Reconstructed forelimb and hand of Suchomimus, Museum of Ancient Life, Utah

The furcula was V-shaped and indicates a high and narrow trunk.[2] The scapula had a rectangular acromion, or attachment site for clavicle (collarbone). The humerus (upper arm bone) was very strongly built, only equaled in size among non-spinosaurid theropods by that of Megalosaurus and Torvosaurus, with robust upper corners. The humerus had a boss (bone overgrowth) above the condyle that contacted its hook-shaped radius (forearm bone). Accordingly, the ulna of the lower arm was well-developed with an enormous olecranon (upper process set-off from the shaft), an exceptional trait shared with Baryonyx. The heavy arm musculature powered sizable hand claws, that of the first digit (or "thumb") being the largest with a length of 19 centimetres (7.5 inches). Only the third metacarpal (long bone of the hand) is known; showing a robust morphology (form). In the pelvis, the ilium (main hip bone) was high. The pubis (pubic bone) had a front surface that was wider than the side surface, and its forward-facing lower end was flattened and rectangular, with a brief flange along the midline, in contrast to the expanded boot shape it had in other theropods. The ischium (lower and rearmost hip bone) bore a low obturator flange. The femur (thighbone) was straight and robust, with a length of 107 cm (42 in) in the holotype. Its lesser trochanter is markedly plate-like. In the ankle, the astragalus had an ascending process taller than that of Allosaurus.[1]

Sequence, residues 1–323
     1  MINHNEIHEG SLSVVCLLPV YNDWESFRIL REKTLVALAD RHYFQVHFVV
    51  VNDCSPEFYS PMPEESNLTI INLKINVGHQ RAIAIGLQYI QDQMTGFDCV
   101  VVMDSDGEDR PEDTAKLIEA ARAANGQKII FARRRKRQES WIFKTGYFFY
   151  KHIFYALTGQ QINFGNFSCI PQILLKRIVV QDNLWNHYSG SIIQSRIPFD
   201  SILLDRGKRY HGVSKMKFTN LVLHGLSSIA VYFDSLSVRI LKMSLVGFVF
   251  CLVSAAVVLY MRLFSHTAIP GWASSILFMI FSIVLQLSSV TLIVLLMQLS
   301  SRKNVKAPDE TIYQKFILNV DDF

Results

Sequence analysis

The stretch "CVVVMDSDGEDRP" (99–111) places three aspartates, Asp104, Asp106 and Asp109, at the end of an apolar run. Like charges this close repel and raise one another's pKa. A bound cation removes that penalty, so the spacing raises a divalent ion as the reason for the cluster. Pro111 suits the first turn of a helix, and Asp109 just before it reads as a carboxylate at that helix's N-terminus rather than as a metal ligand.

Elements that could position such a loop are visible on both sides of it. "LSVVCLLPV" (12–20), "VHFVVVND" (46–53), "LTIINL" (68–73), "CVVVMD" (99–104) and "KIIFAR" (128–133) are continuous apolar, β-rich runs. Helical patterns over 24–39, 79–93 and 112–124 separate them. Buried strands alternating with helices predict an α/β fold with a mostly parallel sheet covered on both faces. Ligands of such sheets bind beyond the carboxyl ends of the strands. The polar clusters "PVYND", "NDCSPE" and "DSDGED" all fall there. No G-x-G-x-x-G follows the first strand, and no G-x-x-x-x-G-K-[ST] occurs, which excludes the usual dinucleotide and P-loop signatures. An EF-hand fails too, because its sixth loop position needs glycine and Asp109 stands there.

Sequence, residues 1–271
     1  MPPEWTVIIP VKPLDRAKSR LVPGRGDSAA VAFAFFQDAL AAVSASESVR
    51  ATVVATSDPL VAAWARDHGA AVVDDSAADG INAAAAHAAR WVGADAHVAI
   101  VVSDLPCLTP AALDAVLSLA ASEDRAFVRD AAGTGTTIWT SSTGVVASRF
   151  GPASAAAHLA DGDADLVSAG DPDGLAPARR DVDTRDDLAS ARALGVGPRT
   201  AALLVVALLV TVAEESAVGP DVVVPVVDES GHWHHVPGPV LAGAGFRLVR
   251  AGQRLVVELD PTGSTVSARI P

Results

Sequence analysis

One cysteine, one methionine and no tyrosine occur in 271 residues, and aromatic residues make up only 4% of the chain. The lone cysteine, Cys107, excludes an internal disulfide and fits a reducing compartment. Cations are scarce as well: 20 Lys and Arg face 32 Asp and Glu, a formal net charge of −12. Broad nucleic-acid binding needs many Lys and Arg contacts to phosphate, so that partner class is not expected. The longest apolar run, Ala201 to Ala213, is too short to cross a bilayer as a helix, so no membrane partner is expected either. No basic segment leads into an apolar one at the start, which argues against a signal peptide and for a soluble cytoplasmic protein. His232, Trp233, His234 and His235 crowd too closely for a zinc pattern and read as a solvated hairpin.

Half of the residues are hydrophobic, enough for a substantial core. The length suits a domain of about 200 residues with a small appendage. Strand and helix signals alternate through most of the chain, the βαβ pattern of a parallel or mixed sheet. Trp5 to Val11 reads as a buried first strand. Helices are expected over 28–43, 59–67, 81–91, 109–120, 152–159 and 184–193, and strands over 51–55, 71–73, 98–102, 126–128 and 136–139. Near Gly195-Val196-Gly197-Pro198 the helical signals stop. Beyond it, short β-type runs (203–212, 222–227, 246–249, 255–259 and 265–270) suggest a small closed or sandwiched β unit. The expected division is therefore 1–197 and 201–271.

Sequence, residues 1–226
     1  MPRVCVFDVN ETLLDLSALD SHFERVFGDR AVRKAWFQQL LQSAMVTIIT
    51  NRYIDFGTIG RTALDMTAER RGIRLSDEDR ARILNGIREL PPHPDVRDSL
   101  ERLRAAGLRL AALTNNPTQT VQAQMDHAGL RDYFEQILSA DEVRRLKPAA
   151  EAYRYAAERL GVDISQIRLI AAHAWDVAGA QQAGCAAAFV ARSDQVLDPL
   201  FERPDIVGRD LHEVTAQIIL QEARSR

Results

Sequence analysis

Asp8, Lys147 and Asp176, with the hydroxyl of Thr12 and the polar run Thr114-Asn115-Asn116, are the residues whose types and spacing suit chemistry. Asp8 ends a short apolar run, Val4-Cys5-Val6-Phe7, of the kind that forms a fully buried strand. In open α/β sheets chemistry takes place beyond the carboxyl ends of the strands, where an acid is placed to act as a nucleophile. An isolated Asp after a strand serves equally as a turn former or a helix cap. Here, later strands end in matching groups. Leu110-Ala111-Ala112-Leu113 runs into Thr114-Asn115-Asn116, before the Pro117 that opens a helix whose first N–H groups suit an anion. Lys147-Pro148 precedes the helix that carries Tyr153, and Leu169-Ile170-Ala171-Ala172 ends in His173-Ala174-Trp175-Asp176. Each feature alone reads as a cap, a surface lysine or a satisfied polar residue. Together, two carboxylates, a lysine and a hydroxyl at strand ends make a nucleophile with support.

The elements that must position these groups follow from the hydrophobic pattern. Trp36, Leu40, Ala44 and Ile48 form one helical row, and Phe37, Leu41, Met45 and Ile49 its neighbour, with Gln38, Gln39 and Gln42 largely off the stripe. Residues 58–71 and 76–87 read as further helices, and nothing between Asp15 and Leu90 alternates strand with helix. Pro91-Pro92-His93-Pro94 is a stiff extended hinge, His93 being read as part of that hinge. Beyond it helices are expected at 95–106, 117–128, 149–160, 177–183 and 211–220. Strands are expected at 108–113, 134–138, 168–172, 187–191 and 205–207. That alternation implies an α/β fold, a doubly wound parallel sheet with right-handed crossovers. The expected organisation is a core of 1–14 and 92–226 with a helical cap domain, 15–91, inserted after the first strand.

Skeletal diagram combining several specimens (above), compared with the closely related genus Baryonyx

The describers established some autapomorphies (unique derived traits) of Suchomimus to separate it from other theropods, including the expanded rear dorsal, sacral, and front caudal neural spines, the robust upper corners of the humerus, and the boss above the humerus' condyle that contacted its hook-shaped radius.[1] Sereno and colleagues referred Suchomimus to the Spinosauridae and named two subfamilies within this clade, Baryonychinae (all spinosaurids more closely related to Baryonyx) and Spinosaurinae (all spinosaurids closer to Spinosaurus). Suchomimus was a member of the subfamily Baryonychinae. Apart from its apparently taller sail, Suchomimus was very similar to the spinosaurid Baryonyx from the Barremian of England, and shared traits with it such as the reduced size and increased amount of teeth behind the snout tip in the mandible than spinosaurines, strong forelimbs, a huge sickle-curved claw on its "thumb", and strongly keeled front dorsal vertebrae. Spinosaurines are characterized by straight, unserrated and more widely spaced teeth, and the small size of their first premaxillary teeth. Sereno and colleagues pointed out that the more retracted nostrils in Irritator and the tall sail of Spinosaurus could also be unique traits of spinosaurines, though material from other taxa is needed to know for sure.[1] As with Suchomimus, the claw of Baryonyx had been the first discovered fossil of the animal.[1][19] Sereno and colleagues in 1998 analyzed the distribution of forty-five traits to produce a cladogram that showed Suchomimus and Baryonyx to be distinct but closely related.[1] Later, Barker and colleagues, in 2021, created a new tribe within Baryonychinae: Ceratosuchopsini, a clade that includes Ceratosuchops, Riparovenator and Suchomimus.[14]

The following phylogenetic tree shows a 2009 analysis of the Megalosauroidea.[10]